What about the tomcat’s meow an’ milk cow’s moo
An’ the train whistle’s moan
Open up yer eyes an’ ears an’ yer influenced
an’ there’s nothing you can do about it
Hibbing’s a good ol’ town
I ran away from it when I was 10, 12, 13, 15, 151/2, 17 an’ 18
I been caught an’ brought back all but once.
We’re all a long way further down the road now; as the 21-year old Dylan wrote preternaturally in ‘Bob Dylan’s Dream’ :
With haunted hearts through the heat and cold
We never thought we could ever get old
We thought we could sit forever in fun
But our chances really was a million to one.
Only Dylan himself and his very closest friends can know what the journey since has meant for him. For myself, I know this. I sometimes wonder what the world would be like without birdsong: a bleak emptiness. In the same way my life and the lives of my generation would be unimaginable without Dylan and his songs. His words, his music have defined our time.
Then take me disappearin’ through the smoke rings of my mind
Down the foggy ruins of time, far past the frozen leaves
The haunted, frightened trees, out to the windy beach
Far from the twisted reach of crazy sorrow
Yes, to dance beneath the diamond sky with one hand waving free
Silhouetted by the sea, circled by the circus sands
With all memory and fate driven deep beneath the waves
Let me forget about today until tomorrow
Some argue that the rich ore of his youth was mined out by the mid-1970s, with nothing after Blood On The Tracks to equal the work of the sixties. But for those of us who were electrified by his music back then, that body of work alone is more than enough. The resistance anthems of Freewheelin’ and Times They Are A-Changin’, with their questioning, their challenge to power, rejection of the blind acceptance of dogma, and their assertion of civil rights, saw us through times when the battle outside was raging. Followed by the incomparable trio of Bringing It All Back Home, Highway 61 Revisited and Blonde On Blonde with their surreal poetry and wild mercury sound, what more could a generation ask?
Although the masters make the rules
For the wise men and the fools
I got nothing, Ma, to live up to
But, an unwilling voice for a generation, Dylan turned his back on all this, retreating to Woodstock where he created The Basement Tapes, and the album we heard first, John Wesley Harding – a body of work so timeless that, as Greil Marcus wrote, it could have been written in any century. In songs such as ‘Tears of Rage’, ‘You Ain’t Goin’ Nowhere’ and ‘Too Much of Nothing’, Dylan affirmed traditional values from an ‘old, weird America’: religious, conservative, at odds with the times. We’ve had to get used to this curmudgeonly, judgemental Dylan ever since.
Then there was the a decade or so when only occasional glimmers (‘Jokerman’, ‘Senor’) recalled the greatness. He wrote in Chronicles:
I hadn’t actually disappeared from the scene .. but the road had narrowed … I was lingering out on the pavement. There was a missing person inside of myself and I needed to find him … I felt done for, an empty burned-out wreck. Too much static in my head and I couldn’t dump the stuff. Wherever I am, I’m a 60s troubadour, a folk-rock relic, a wordsmith from bygone days, a fictitious head of state from a place nobody knows. I’m in the bottomless pit of cultural oblivion.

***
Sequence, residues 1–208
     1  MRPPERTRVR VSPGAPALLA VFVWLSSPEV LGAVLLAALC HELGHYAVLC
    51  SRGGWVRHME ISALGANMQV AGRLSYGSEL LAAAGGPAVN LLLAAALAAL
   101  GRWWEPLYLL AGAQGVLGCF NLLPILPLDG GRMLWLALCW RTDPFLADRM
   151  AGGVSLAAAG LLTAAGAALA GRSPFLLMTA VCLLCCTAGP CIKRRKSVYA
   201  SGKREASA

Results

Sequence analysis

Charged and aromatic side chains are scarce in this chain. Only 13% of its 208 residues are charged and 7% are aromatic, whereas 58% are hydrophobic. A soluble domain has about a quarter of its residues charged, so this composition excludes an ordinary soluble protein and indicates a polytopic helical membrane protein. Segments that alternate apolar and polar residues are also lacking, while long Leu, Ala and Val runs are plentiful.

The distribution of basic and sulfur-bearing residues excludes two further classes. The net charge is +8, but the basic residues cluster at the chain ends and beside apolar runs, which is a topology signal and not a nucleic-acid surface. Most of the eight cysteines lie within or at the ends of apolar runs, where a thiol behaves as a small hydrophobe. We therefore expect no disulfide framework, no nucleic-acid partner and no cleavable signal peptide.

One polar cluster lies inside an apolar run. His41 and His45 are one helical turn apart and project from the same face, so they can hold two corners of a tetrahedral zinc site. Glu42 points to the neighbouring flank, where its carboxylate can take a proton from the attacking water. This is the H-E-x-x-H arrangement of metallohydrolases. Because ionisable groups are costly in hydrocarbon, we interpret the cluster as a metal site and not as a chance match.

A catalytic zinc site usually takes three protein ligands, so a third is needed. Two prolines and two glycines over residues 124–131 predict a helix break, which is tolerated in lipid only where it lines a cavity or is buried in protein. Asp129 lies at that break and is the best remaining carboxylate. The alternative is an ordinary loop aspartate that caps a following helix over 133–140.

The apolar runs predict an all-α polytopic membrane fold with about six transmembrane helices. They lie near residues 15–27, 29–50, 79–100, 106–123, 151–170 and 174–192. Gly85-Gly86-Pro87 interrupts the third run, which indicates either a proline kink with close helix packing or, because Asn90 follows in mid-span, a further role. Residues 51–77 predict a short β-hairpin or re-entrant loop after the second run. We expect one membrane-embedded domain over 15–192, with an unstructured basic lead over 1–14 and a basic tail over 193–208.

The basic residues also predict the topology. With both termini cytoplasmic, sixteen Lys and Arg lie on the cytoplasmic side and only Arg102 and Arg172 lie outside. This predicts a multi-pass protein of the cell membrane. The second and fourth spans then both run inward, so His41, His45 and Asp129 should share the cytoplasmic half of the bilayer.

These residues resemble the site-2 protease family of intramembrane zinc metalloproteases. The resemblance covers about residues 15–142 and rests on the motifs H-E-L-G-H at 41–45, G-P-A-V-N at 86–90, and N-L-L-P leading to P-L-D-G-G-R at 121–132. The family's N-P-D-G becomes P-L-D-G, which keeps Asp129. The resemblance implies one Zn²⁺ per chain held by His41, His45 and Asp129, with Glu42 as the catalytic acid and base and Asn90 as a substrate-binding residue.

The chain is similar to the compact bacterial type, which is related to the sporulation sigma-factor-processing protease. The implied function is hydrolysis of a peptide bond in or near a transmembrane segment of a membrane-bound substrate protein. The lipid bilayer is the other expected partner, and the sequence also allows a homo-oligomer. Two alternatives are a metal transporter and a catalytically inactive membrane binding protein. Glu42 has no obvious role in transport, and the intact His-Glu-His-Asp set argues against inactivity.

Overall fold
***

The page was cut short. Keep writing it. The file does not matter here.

None of us escape our past, and Dylan’s best albums of the last decade (Time Out Of Mind, Love And Theft and Modern Times) are filled with a sense of lost love, lost time, and time running out. It’s not dark yet, but it’s getting there.
Beyond here lies nothin’
But the mountains of the past
I guess that for most of us of the sixties generation, it’s Dylan’s anthems of that decade that have defined us, songs we value like a precious ore that is never exhausted, and to which we return for meaning, again and again:
I’m a-goin’ back out ’fore the rain starts a-fallin’
I’ll walk to the depths of the deepest black forest
Where the people are many and their hands are all empty
Where the pellets of poison are flooding their waters
Where the home in the valley meets the damp dirty prison
Where the executioner’s face is always well hidden
Where hunger is ugly, where souls are forgotten
Where black is the colour, where none is the number
And I’ll tell it and think it and speak it and breathe it
And reflect it from the mountain so all souls can see it
Then I’ll stand on the ocean until I start sinkin’
But I’ll know my song well before I start singin’
And it’s a hard, it’s a hard, it’s a hard, it’s a hard
It’s a hard rain’s a-gonna fall
Happy birthday, Bob: May your heart always be joyful and your songs always be sung.
Thought I’d shaken the wonder and the phantoms of my youth
Rainy days on the Great Lakes, walkin’ the hills of old Duluth
There was me and Danny Lopez, cold eyes, black night and then there was Ruth
Something there is about you that brings back a long-forgotten truth…
- Bob Dylan at 70: revolution in the head revisited: interesting piece on Opendemocracy by David Hayes which latterly mentions works that have considered the regional context of Dylan’s work and how it is inflected by the particular inheritances of the United States midwest.